Who can we investigate?

Ngā tāngata e āhei ana mātou ki te tūhura?

The Ombudsman has authority to investigate approximately 4,000 entities in the public sector in New Zealand.

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New Zealand's public sector

The public sector includes:

  • government departments and ministries
  • ministers and the Police (in relation to decisions on requests for official information)
  • local authorities
  • crown entities
  • state-owned enterprises
  • district health boards
  • tertiary education institutions
  • school boards of trustees.

The State Services Commission has a map of all public sector agencies, showing how they fit together.

What is the public sector? – State Services Commission

The Ombudsman's powers

The Ombudsman process is essentially about understanding and enquiring about what happened, why a decision was made, or what information an agency holds.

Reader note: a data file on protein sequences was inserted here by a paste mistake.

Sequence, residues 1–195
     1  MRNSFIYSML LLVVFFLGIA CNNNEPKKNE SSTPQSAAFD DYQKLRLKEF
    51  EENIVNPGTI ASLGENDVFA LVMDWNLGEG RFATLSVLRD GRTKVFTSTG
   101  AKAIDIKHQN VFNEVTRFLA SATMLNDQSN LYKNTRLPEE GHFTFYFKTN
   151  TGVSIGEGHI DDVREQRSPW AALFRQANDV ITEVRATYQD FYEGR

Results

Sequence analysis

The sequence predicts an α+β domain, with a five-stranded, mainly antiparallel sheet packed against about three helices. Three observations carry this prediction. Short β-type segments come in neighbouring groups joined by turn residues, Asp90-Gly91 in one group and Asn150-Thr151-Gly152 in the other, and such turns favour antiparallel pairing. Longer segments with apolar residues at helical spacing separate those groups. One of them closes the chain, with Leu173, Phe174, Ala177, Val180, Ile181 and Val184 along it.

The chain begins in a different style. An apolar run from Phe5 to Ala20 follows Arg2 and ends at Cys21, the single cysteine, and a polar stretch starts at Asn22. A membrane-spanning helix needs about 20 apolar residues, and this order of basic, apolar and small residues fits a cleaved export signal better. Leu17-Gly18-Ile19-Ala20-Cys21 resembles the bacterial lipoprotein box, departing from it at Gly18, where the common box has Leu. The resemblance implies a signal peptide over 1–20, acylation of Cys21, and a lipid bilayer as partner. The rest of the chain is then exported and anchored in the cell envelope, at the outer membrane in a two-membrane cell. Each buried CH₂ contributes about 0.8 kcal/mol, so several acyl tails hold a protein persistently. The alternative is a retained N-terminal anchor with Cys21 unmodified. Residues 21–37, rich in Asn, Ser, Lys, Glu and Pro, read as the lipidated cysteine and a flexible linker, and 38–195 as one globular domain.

Complaints are normally handled by telephone and in writing. Sometimes there may be face to face contact.

Although the vast majority of complaints are resolved quickly and informally, the Ombudsman has the power to investigate and even to enter government premises, require information and documents to be produced on demand, summon witnesses and examine them on oath.

All government agencies must cooperate with the Ombudsman’s investigations.

What happens in an investigation

After the complaint is assessed and if the decision is made to investigate, the Ombudsman then notifies the relevant government agency of the investigation. This is usually by way of a letter to the Chief Executive to give the agency what it needs to know about the complaint, why the complainant is not happy, and why the Ombudsman has decided an investigation is needed. The agency is asked to give the Ombudsman any additional information that might be relevant.

Investigators may then help the Ombudsman by gathering the evidence upon which the Ombudsman bases their opinion and recommendations.

The adversely affected party will be given the opportunity to respond or provide further comment before the Ombudsman’s opinion (and any recommendations) becomes final.

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